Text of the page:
With a cold front following him and rain all around him, kayaker Daniel Alvarez paddled into Gulfport Thursday afternoon. He’d spent the night, by his best estimation, on a spoil island on the intracoastal waterway, somewhere by the Narrows (a skinny stretch of water off Indian Rocks Beach). He paddled into the Boca Ciega Yacht Club, pulled his 17-foot banana-yellow sea kayak out of the water, and waited for his Gulfport connection to get him hot soup and a warm home.
Mr. Alvarez is nearing the end of his 4,000 mile paddle from the northern edge of Minnesota to Key West. His trip, he hopes, will do more than offer him personal satisfaction: he wants to make people realize they need to help protect the waters that pushed him along his journey.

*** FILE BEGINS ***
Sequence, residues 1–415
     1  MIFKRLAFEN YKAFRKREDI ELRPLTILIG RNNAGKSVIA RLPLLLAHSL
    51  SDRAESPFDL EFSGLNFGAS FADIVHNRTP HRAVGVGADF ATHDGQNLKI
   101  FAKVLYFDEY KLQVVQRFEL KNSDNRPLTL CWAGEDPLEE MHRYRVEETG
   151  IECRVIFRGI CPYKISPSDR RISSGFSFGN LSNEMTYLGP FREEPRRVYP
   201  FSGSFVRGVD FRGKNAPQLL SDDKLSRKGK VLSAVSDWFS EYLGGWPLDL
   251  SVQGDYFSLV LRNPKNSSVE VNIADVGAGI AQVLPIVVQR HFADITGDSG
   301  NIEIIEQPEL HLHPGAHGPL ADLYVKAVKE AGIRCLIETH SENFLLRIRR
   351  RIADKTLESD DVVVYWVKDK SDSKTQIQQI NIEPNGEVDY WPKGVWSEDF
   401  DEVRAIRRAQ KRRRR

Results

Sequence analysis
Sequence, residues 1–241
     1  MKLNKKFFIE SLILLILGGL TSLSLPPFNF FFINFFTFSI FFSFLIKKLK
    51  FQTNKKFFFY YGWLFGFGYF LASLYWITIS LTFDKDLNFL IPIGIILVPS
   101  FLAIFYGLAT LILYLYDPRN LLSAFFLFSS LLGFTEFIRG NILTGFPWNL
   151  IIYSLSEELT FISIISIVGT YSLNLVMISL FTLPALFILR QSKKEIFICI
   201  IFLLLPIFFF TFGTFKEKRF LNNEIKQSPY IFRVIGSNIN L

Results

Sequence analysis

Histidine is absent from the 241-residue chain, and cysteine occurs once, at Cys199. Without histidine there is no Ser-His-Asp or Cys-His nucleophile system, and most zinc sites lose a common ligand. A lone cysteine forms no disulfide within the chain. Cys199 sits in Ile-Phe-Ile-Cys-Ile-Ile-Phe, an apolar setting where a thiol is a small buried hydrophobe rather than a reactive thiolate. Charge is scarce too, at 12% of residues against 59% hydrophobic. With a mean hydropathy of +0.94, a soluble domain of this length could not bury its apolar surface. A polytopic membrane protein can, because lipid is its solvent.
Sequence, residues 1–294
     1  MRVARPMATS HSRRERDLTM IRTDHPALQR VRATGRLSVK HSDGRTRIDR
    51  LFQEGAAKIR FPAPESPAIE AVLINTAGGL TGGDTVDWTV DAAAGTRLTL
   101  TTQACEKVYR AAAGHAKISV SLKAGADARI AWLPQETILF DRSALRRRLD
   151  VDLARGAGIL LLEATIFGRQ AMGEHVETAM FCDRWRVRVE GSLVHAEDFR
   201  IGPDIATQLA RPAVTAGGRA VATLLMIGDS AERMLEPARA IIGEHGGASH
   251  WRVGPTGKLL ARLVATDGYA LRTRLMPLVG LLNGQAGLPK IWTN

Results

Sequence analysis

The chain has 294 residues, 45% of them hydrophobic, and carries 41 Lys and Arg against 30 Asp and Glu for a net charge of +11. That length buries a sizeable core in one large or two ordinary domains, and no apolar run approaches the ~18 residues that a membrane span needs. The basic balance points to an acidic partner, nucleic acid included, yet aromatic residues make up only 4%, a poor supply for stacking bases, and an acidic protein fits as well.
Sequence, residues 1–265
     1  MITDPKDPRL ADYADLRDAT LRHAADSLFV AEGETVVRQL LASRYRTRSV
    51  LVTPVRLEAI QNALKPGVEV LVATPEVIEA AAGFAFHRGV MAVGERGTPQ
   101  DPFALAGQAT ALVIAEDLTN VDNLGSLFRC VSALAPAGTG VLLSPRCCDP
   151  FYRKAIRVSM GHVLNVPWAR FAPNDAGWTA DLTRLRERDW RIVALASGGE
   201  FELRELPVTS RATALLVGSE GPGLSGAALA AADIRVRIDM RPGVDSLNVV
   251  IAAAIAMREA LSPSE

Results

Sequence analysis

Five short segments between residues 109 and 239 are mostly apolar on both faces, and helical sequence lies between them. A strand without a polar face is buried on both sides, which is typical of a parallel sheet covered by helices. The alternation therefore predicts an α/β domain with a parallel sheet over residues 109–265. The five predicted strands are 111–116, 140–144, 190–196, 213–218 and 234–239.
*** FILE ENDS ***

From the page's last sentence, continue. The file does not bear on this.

Outdoors magazine offered Alvarez a $10,000 grant to make the journey, and he, in turn, donated some of his own money to the four organizations he says help protect the route. He endorses four organizations on his travel blog, Predictably Lost: Friends of the Boundary Waters Wilderness, American Rivers, Gulf Restoration Network and Florida Wildlife Federation.
“You need a lot of equipment to paddle 4,000 miles from the northern tip of Minnesota to Key West, but more than any boat, paddle, or sleeping bag, you need water,” Mr. Alvarez says on Predictably Lost.
The Boca Ciega Yacht Club and the Gulfport Area Chamber of Commerce co-hosted a reception for him and on Friday he spoke at the Gulfport Library. This past weekend, he climbed aboard his skinny sea kayak, and pointed it towards Key West. His only company, as it has been for much of his trip, is a plastic pink flamingo he pulled out of the water.
“I was going to throw it out, but then I named it,” he said. “Once you name something...”
Read Daniel Alvarez's trip log, Predictably Lost. Sincere thanks to Gulfportian Margarete Tober, Mr. Alvarez’s “Gulfport connection” who told the Gabber about this aqua-adventurer.